At a larger scale, the rounded bullnose detail served to concurrently resolve planning envelope constraints, ensuring the extension does not adversely impact north-facing adjoining property windows and private open space.
The outcome walks the razor-fine line between pastiche mimicry and respectful reference. Since the groundbreaking influence of a machine-like International Style modernism in the early 20th century, ornamentation and ‘featurism’ have since been cast as taboo – and arguably for good reason.
In many ways, this house is a restrained celebration of a softer architecture – a gentle tip of the hat to the indelible mark of guilds and artisans, now long gone.
Passive energy design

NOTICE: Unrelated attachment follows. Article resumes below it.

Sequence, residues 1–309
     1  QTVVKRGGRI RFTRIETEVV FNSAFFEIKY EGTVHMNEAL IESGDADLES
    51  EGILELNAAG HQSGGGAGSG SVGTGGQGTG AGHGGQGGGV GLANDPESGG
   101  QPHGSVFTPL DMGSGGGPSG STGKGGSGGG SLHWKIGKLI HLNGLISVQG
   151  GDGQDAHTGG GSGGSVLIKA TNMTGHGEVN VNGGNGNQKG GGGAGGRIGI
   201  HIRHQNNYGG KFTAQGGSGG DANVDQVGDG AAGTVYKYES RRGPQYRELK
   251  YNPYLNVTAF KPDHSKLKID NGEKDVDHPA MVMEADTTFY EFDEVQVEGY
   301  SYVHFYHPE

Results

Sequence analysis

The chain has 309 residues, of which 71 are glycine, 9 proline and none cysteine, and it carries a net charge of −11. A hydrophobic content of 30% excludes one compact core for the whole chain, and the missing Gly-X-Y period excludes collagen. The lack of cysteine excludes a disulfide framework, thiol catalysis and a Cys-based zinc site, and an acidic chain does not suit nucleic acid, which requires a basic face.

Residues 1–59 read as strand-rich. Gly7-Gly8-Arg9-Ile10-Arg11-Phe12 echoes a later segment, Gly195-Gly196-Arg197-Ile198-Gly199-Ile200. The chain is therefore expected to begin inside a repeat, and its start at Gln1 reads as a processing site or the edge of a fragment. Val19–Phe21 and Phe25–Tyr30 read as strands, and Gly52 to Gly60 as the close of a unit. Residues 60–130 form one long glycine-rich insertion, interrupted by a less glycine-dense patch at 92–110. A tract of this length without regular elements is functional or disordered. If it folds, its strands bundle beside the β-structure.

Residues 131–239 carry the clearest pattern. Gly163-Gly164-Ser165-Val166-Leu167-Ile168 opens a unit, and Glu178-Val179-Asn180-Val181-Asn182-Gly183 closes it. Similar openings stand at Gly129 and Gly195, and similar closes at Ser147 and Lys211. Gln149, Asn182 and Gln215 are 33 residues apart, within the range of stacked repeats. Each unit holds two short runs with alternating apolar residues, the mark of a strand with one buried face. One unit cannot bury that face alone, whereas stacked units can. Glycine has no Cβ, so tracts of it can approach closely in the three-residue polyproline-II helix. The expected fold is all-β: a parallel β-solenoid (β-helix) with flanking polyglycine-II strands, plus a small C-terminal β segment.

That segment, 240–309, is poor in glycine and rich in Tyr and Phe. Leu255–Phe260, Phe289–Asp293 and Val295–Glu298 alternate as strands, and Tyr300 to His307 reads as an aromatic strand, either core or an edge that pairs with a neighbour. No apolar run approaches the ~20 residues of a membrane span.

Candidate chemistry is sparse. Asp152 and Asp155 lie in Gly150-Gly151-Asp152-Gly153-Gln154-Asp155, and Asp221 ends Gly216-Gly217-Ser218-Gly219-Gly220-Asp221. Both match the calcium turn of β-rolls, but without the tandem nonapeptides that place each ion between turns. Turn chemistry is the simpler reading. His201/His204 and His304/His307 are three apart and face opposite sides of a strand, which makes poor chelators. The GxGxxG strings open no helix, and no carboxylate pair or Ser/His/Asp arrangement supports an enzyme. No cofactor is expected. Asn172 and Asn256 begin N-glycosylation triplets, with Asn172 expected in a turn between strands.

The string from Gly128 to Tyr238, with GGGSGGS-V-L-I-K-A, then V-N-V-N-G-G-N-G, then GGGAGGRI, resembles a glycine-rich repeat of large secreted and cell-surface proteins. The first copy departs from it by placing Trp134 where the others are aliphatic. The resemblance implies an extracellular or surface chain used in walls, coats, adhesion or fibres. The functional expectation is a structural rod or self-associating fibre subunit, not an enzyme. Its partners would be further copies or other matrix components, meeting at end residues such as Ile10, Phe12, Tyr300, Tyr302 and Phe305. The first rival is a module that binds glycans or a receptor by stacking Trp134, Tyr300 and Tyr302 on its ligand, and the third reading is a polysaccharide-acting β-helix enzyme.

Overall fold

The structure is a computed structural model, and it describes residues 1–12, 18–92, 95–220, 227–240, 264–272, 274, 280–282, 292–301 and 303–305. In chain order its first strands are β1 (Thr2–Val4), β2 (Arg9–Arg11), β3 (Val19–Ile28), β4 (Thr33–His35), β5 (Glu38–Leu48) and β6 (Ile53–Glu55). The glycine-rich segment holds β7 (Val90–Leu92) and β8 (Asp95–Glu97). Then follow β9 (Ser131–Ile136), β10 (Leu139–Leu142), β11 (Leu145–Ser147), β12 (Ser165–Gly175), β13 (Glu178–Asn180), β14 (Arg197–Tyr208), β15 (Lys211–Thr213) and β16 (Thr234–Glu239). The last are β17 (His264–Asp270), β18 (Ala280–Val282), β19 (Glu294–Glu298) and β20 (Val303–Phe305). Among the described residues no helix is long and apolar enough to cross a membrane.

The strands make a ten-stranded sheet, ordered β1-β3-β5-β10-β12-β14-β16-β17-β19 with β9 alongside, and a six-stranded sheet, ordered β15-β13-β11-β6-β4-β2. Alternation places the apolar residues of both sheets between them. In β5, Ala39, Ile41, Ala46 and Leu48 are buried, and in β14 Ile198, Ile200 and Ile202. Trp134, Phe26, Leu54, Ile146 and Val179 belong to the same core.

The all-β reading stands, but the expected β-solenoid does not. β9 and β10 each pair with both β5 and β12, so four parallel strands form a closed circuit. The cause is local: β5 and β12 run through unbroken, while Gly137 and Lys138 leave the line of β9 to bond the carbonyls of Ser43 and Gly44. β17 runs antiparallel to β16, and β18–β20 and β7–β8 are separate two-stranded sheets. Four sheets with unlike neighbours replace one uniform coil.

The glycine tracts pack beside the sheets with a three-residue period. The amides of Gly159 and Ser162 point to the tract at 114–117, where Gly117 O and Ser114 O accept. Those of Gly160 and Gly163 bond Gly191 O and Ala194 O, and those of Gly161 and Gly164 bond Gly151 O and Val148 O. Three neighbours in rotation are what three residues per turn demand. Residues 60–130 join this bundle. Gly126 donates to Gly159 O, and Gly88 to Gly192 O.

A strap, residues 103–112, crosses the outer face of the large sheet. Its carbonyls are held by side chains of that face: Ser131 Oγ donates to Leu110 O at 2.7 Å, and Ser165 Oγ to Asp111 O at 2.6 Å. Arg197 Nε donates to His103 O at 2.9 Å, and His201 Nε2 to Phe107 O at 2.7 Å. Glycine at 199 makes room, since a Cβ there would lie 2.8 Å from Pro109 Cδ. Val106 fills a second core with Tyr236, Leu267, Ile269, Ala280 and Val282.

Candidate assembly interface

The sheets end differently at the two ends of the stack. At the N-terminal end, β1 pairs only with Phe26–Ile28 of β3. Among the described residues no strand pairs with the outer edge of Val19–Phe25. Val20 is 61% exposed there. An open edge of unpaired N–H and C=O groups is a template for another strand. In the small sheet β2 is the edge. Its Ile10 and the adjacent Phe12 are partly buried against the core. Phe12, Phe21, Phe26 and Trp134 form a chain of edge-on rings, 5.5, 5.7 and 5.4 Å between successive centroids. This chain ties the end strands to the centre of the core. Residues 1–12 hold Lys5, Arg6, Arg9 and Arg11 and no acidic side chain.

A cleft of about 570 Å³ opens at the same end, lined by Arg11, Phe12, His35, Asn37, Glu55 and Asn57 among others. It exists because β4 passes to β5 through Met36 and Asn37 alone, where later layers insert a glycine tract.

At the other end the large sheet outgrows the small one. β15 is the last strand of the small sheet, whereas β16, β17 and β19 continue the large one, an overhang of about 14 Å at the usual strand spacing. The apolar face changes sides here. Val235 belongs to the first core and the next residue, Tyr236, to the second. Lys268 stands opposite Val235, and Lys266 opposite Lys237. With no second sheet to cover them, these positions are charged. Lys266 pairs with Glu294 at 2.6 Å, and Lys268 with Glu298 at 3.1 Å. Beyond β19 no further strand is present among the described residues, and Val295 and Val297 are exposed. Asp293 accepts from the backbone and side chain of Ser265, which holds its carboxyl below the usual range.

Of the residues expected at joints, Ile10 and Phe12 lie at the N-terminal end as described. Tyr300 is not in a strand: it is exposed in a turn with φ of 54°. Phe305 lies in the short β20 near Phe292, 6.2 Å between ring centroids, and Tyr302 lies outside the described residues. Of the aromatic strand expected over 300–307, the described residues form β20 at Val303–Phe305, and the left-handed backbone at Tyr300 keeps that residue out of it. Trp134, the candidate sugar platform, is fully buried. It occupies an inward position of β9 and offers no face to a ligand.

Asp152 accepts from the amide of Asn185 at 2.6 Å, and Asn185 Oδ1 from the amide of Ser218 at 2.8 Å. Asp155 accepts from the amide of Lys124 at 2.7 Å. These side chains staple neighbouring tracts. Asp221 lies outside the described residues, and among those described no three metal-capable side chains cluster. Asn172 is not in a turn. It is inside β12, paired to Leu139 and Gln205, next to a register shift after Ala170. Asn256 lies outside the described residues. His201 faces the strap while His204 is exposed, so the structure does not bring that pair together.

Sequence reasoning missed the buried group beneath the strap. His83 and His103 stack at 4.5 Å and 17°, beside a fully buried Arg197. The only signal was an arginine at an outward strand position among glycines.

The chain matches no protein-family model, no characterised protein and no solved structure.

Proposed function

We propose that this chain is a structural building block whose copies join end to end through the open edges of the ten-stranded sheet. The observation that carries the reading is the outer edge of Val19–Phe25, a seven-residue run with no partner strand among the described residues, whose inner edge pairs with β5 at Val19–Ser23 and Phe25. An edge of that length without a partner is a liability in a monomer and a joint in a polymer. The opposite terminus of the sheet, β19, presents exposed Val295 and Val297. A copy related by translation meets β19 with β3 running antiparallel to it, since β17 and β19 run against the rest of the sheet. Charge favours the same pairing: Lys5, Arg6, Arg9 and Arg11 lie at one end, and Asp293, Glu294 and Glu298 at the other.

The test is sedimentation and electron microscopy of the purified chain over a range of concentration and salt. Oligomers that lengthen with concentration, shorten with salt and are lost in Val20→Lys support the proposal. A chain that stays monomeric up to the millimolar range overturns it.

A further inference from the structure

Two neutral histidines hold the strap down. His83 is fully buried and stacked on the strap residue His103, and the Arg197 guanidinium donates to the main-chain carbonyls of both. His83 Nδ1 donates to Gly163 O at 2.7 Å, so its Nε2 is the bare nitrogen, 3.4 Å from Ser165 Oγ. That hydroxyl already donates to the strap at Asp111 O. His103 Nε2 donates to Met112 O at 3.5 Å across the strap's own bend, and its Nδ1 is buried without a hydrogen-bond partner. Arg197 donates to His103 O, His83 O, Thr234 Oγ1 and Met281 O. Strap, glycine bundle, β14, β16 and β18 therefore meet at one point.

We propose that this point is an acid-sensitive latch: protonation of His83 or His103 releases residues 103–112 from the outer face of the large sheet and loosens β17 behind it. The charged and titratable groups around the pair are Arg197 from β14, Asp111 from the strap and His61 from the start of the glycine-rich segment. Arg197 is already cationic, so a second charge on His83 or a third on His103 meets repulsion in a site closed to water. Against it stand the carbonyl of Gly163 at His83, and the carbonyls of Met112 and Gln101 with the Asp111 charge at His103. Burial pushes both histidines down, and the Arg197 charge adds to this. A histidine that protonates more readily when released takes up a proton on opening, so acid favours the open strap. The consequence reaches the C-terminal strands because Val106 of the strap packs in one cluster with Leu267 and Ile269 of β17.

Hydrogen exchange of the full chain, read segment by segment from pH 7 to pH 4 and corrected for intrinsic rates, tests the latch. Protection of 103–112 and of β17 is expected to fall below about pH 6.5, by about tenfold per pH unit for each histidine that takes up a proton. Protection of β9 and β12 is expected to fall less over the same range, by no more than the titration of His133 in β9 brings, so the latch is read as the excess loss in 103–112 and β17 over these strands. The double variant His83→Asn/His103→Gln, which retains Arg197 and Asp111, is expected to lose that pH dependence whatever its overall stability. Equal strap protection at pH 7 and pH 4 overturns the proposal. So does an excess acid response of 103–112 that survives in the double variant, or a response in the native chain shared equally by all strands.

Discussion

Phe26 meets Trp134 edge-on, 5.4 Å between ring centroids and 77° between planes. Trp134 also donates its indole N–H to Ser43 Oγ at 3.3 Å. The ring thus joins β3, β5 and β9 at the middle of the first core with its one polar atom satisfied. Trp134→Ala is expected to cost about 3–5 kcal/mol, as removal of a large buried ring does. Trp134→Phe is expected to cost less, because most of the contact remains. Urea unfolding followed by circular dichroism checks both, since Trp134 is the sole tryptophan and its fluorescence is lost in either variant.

Deco House achieves a high level of environmental sustainability via the use of low embodied energy materials, adoption of passive solar design principles and careful selection of active energy and water saving systems. Orientation is to the north and east, with perforated metal screens and translucent canopy preventing the entry of unwanted summer sun. Insulation is high performance. Glazing is timber-framed and double-glazed. The polished concrete floor provides excellent thermal mass. Active systems include an all-electric energy system, including low-energy heat pump and green switch that kills non-essential circuits whenever the house is empty. Most importantly, Deco House retains the front half of the original Art Deco cottage, carefully preserving its fabric rather than letting the energy and history embodied in its materials go to waste.